This is why I’d still vote for the guy (and why I think he got a bad rap). If more of our presidents last century had Mr. Carter’s ethic of service to humanity, our current world might have been a very different place.
This is a really good idea:
Why is this important? It’s important because California voted to get rid of marriage rights for our community. It’s important because 29 other states have done the same. It’s important because LGBT people get fired from their jobs just for being who they are, kids get beat up in school for seeming “queer” while school administrators do nothing about it, and same-sex couples can’t foster or adopt while children in need go without homes. Isn’t it getting old?
The good news is that equality is coming into style. We don’t have as many supporters as we need (yet), but the community of straight allies is growing. LGBT visibility has brought a lot of progress, but the research we’ve seen says that being out and visible is not enough (read it here if you don’t believe us). What changes people’s hearts and minds and gets them to support equality is having had personal, close relationships with gay people. Relationships where – through conversations – straight people learn what it’s like to be LGBT.
Yes, the fifteen-year-olds of this country are overwhelmingly supportive of our rights. But if we don’t want to wait around for today’s teenagers to become middle-aged before we get equality, we’re going to have to get more people to support us. And the best way to do that is by Telling 3.
It might work if you’re a Montague or a Capulet, but for LGBT folks, marriage by any other name does not smell as sweet. Here’s the bottom line on why this issue is so important and pushes so many buttons:
Marriage = legitimacy.
That is, if LGBT folks can marry, it means that their relationships are legitimate. Socially sanctioned. Official. Recognized. Everything else hangs off of that. Everything.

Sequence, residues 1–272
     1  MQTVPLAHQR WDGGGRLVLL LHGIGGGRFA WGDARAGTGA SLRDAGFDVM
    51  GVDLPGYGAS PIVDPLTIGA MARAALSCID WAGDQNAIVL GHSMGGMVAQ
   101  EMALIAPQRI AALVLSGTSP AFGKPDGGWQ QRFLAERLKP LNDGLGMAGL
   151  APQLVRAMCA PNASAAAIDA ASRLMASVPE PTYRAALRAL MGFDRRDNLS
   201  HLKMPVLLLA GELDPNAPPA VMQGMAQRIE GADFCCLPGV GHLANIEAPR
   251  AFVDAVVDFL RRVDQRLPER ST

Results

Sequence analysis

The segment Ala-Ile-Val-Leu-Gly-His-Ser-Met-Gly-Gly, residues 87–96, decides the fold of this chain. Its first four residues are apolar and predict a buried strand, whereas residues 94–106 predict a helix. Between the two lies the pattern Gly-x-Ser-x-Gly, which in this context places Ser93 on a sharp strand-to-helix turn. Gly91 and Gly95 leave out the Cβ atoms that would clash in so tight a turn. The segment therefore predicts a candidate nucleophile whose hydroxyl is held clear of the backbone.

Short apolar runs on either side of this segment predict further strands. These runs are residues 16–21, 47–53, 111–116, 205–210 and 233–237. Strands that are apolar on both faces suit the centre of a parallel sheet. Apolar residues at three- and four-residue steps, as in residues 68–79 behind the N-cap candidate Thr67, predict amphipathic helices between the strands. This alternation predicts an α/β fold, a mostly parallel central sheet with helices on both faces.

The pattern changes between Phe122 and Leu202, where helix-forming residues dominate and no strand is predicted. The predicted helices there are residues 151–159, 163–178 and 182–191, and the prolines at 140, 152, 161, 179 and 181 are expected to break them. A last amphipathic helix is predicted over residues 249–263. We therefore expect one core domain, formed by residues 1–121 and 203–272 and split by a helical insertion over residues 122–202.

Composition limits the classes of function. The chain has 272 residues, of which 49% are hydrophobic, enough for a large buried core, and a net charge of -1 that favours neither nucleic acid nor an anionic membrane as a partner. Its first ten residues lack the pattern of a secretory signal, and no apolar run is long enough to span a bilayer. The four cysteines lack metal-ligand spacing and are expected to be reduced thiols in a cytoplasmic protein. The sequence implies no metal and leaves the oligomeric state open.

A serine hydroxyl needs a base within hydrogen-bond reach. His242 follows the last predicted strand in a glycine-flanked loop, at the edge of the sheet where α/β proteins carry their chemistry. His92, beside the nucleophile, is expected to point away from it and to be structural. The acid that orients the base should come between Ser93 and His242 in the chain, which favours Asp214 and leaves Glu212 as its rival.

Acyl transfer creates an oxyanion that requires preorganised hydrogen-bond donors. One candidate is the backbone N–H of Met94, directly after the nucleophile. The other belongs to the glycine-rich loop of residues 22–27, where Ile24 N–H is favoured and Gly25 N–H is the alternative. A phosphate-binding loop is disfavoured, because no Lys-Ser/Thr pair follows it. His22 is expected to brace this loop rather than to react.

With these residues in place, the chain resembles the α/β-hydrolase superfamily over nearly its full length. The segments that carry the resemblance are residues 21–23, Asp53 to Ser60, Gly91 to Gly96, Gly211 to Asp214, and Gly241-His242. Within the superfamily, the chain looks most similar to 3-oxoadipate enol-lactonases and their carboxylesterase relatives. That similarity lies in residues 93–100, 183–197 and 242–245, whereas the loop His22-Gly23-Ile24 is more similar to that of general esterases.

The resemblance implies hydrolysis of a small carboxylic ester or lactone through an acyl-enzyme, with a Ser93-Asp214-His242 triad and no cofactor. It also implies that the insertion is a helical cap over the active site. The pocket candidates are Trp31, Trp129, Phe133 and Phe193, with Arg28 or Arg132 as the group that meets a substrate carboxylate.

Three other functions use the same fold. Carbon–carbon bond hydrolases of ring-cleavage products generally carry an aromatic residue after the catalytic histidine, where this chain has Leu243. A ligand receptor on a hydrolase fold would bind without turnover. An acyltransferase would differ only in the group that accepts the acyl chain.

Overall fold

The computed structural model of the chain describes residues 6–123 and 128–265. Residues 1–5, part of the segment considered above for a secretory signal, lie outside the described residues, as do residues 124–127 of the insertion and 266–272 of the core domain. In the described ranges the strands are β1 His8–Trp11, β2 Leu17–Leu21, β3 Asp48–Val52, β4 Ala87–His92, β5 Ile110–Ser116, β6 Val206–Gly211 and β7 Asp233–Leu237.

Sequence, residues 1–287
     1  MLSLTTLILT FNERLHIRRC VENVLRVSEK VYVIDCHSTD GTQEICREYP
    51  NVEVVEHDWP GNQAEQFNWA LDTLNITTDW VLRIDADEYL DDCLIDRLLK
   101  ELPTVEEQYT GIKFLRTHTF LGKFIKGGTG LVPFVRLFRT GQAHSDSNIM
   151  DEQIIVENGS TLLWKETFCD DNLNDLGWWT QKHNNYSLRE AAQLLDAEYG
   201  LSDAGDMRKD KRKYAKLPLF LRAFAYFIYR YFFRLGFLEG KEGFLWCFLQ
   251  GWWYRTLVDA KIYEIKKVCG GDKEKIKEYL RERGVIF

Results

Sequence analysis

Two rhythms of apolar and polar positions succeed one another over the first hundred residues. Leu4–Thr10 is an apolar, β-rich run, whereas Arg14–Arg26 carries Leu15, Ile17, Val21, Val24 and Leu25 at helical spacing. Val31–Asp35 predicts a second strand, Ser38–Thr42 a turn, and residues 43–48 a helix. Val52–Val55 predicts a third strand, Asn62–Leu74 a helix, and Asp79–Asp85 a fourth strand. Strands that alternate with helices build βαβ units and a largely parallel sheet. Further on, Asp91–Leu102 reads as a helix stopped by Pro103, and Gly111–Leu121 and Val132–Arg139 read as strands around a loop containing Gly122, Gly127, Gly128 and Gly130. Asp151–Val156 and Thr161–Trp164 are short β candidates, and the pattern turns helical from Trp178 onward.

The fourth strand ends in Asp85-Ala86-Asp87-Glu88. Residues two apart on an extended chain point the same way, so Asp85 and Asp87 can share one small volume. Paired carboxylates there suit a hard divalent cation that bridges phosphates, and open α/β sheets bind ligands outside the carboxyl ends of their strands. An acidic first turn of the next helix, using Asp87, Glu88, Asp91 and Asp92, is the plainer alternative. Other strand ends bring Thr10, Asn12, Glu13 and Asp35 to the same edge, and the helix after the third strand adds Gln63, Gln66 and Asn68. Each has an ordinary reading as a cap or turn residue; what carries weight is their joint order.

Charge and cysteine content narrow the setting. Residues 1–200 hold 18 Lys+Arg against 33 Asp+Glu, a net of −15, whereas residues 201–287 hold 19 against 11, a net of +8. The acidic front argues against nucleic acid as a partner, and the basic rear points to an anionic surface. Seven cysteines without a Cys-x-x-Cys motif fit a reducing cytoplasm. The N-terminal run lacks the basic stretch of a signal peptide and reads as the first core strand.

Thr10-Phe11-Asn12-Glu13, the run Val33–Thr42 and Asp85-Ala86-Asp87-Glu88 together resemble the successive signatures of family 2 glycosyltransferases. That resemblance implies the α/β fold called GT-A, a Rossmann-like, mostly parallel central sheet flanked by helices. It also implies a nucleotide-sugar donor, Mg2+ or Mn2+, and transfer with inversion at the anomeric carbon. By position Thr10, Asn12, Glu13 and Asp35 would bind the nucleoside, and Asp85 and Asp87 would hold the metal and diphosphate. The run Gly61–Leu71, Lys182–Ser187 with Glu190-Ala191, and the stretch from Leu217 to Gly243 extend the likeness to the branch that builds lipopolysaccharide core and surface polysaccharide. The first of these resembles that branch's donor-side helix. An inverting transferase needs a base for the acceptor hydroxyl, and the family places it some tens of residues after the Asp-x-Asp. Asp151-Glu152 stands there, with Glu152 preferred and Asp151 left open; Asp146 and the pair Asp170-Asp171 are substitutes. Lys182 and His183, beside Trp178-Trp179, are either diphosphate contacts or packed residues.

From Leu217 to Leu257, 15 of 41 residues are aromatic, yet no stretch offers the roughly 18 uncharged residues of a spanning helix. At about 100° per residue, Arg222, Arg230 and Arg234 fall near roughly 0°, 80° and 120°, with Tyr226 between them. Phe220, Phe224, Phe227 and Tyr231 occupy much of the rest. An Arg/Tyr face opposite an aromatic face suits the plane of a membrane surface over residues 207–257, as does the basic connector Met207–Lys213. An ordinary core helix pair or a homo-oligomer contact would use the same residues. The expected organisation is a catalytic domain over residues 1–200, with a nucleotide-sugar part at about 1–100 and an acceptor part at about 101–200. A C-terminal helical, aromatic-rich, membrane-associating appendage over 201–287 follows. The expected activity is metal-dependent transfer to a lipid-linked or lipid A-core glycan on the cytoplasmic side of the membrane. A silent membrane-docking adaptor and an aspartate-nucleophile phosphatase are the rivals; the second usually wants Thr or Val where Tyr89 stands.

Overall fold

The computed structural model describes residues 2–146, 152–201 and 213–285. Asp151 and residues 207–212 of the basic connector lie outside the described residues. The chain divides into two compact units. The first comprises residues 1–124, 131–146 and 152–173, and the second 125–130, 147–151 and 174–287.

“Domestic partnership” or “civil union,” regardless of how many rights they confer on the couple, does not carry the same weight that the word “marriage” has in our society or our psyches.
From an article in the L.A. Times last May:
Many gay Californians said that even the state’s broadly worded domestic partnership law provided only a second-class substitute for marriage. The court agreed.
Giving a different name, such as “domestic partnership,” to the “official family relationship” of same-sex couples imposes “appreciable harm” both on the couples and their children, the court said.
The distinction might cast “doubt on whether the official family relationship of same-sex couples enjoys dignity equal to that of opposite-sex couples,” [Chief Justice] George wrote . . .
The ruling cited a 60-year-old precedent that struck down a ban on interracial marriage in California.
Unfortunately, it looks like the CA Supreme Court (after making such a sweeping statement in the marriage cases that allowed LGBT marriage in CA in the first place!) will decide that Prop 8 is NOT a constitutional revision to the CA state constitution. Their argument being, in short, that LGBT folks have all the same rights under the CA domestic partnership, so what’s in a name? (You can see why the lawyers arguing the case were shocked to hear this reasoning after the Court’s decision last May.) It’s only taking away a little bit of the rights of a minority (i.e. suspect) class to let Prop 8 stand. And it’s not really a structural change to the CA constitution and therefore not really a revision. Plus, the “power of the people” is also a right and striking down Prop 8 would infringe on that. Here is a decent summary in the most recent issue of Time and a really good, more in-depth article in the L.A. Times.
Fortunately, the law is pretty clear on retroactive propositions in California: if retroactivity was not specifically stated in the proposition, then said proposition is not retroactive. Prop 8 does not have any language along those lines (regardless of the one weak statement in a rebuttal argument in a voter information pamphlet). This means that the 18,000 LGBT couples who married in California will most likely get to keep their marriages yet no more LGBT folks can get married.
So, I have a few questions for the Court: I wonder what happened to the power of the 48% of the people who voted against Prop 8? And splitting hairs on how much of a right we can take away? Once you open that door, where does it stop?
Bob Barr, author of the Defense of Marriage Act, recants, like sort-of, in this article.
Maybe hidden in the causes of his commitment to federalism is an understanding of the inherent civil rights of human beings — as stated in the the Bill of Rights and, oh, in this little phrase from a certain document: We hold these truths to be self-evident, that all men are created equal, that they are endowed by their Creator with certain unalienable Rights, that among these are Life, Liberty and the pursuit of Happiness — but I might be stretching my optimism a little thin.
I guess I’ll just be content with the fact that he’s calling for it to be repealed.